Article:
Escaping Saddam’s Chemical Bombings: Memories of a Child Refugee

One of the earliest memories I have as a child is my parents pressing a soaked scarf, ripped into several parts and shared with my cousins against our faces so that we would not inhale the falling chemicals that Saddam was using to kill us. We were only children, 3, and 4 and 5. The eldest one of us was 13 I think. Even then we understood the meaning of war because instead of seeing shooting stars at night we saw bombs falling. They lit the sky, who made no effort to resist, and when they fell the earth shook so tremendously, so outrageously; as if even God was conspiring against us, angry that we had survived. So when the chemicals were used we knew they were falling because we were not meant to exist; guilty of the crime of being Kurds.

And we were only children.

Since I was born, Kurdistan has been bombed, torched, razed, massacred and erased again and again and again. And many more Kurdish children initiated into a traumatized identity. Our lives have been a series of refugee camps, series of mass exoduses towards survival, seeking refuge in regimes whose entire foundation and political identity is based on the oppression and erasure of our people. But they surround us, these sinister, unholy regimes. Everywhere we look, every corner of Kurdistan, there they are, waiting. Or we flee towards the West, whose policies fund the chemical weapons, the bombs, the new technologies, and the new wars that keep killing us.

Even in Australia, a million light years away from Kurdistan, when the Yezidi girls were taken we were shocked, sleepless, drenched in guilt, in collective shame and pain, our hearts twisting in hopeless wretchedness. Even when we physically escape Kurdistan it comes with us. It is always there with us. Hopeful. Expectant. Patiently waiting for freedom. Surviving against all odds, persisting and defying even God himself.

Sometimes I see little children here in Rojava, or I see the broken bodies of children removed from the rubble, I see them in the camps, or I see the mothers and fathers of Bakur (northern Kurdistan, occupied Kurdistan in Turkey) waving white flags so that Turkish snipers do not shoot them as they take the lifeless bodies of their children to hospitals- and I feel angry. An anger that sits on my chest like a physical pain of immense gravity, snaking its way around my soul endlessly. A prisoner of its mocking, taunting sneers that its all hopeless, hopeless. Angry because we keep having children and keep raising them in a world bent on our erasure, bent on removing any trace of us.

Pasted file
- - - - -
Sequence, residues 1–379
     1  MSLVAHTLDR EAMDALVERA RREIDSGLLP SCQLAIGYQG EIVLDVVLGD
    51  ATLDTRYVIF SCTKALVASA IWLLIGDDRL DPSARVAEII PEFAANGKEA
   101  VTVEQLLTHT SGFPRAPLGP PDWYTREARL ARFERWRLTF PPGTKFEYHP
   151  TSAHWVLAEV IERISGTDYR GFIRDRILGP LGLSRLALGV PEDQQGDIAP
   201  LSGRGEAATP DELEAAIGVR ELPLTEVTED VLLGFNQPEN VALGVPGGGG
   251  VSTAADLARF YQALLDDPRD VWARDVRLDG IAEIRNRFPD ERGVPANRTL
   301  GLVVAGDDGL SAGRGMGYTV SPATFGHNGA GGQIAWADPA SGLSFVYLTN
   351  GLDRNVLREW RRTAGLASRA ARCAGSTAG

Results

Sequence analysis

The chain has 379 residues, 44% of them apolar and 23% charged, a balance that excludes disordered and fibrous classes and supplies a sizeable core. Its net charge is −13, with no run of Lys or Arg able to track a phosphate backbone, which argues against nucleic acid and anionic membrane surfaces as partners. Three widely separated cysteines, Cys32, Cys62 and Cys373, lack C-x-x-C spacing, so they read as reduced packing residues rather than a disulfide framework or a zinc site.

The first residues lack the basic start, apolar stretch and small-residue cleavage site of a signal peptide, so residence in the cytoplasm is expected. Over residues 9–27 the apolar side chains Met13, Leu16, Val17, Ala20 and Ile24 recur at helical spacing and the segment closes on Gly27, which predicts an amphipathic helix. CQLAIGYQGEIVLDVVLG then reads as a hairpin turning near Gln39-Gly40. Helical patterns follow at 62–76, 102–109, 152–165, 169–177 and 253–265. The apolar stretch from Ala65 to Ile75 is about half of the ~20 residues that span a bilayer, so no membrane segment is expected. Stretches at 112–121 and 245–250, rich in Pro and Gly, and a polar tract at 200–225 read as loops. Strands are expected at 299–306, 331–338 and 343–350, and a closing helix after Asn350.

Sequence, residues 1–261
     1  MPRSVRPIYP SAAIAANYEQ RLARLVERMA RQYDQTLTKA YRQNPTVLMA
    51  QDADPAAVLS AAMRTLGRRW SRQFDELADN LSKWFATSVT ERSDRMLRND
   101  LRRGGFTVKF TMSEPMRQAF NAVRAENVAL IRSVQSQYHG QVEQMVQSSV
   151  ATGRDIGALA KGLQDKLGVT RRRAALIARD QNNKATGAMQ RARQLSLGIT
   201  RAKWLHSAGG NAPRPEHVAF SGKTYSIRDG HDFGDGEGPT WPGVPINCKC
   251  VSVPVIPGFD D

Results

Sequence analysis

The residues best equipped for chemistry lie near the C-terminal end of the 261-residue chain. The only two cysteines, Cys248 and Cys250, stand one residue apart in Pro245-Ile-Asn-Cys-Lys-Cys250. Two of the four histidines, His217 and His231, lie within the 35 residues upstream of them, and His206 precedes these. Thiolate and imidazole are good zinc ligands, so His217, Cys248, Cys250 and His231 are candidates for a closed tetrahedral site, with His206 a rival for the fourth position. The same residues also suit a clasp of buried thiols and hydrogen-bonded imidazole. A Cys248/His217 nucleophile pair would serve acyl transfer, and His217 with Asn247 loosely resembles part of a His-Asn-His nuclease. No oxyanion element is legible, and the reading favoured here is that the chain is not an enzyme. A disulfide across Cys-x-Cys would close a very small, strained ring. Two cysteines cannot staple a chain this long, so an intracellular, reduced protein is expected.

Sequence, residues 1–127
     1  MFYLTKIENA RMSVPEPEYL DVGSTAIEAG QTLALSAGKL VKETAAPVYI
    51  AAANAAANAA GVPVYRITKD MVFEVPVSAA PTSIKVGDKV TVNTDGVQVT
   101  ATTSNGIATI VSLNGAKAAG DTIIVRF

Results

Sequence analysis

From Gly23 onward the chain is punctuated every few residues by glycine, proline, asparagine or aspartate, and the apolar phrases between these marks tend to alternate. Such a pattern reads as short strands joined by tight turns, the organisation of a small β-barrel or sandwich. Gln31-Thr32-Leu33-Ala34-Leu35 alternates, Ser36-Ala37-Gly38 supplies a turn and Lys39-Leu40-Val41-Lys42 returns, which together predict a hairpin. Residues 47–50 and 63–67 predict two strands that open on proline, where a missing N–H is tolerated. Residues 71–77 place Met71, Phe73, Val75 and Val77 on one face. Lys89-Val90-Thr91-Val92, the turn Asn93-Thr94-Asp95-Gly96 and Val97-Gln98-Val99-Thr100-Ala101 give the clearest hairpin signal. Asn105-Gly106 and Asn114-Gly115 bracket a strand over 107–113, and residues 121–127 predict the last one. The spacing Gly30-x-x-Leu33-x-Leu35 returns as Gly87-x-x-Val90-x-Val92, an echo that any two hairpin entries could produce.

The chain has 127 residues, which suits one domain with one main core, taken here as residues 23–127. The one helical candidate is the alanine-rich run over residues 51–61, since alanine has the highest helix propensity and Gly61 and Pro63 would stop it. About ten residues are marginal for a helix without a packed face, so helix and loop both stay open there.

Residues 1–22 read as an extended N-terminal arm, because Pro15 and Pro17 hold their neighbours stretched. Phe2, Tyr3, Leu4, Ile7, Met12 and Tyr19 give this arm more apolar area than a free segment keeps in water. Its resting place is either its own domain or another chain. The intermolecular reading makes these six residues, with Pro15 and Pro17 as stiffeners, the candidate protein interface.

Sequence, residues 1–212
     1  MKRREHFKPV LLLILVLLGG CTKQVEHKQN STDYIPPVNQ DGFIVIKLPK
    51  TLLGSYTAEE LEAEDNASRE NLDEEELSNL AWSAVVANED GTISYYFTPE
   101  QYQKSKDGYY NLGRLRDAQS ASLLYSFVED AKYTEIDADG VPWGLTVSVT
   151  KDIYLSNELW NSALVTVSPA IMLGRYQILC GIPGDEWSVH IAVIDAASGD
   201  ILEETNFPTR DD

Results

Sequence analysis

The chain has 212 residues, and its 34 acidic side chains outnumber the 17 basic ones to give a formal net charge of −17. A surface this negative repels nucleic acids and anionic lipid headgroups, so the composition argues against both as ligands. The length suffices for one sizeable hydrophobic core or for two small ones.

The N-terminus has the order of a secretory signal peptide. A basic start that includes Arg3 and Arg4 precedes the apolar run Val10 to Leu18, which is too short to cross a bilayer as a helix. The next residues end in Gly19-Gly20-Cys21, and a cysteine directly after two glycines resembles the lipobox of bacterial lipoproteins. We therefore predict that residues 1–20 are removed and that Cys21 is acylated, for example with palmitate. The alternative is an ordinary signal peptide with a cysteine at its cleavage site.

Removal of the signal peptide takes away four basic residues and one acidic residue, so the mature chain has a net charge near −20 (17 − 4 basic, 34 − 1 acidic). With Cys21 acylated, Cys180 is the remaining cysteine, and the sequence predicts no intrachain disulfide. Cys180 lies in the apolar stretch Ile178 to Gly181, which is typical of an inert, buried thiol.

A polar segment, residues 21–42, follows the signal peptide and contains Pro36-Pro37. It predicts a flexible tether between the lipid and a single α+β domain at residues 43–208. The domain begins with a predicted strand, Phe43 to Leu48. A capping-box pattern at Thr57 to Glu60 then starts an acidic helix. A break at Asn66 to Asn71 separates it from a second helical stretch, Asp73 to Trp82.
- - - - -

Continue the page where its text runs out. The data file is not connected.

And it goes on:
Maybe we have the children because we keep hoping for a better world, a better life, a better chance of survival for them. Perhaps we keep having them because we need a reason to keep resisting, keep fighting, keep staying, unbending, unwavering, unending despite all odds. Or maybe its just underdevelopment and lack of education and access to preventative measures, policies of cultural genocide imposed by the regimes whose colonies we are.

I dream of a day where the children of Kurdistan no longer say “mother, why are they killing us?” I dream of a Kurdistan that doesn’t have more refugee camps than schools. I dream of a Kurdistan that doesn’t have more flags than it has clothes for children; where the children learn math, science and innovation, not sit in the classroom of life, war and tragedy.

I dream of a free Kurdistan, who like the war child of yesterday has grown, proud, safe, educated; her heart filled with love and determination for other war children whose cries she hears every day.

Dr. Hawzhin Azeez

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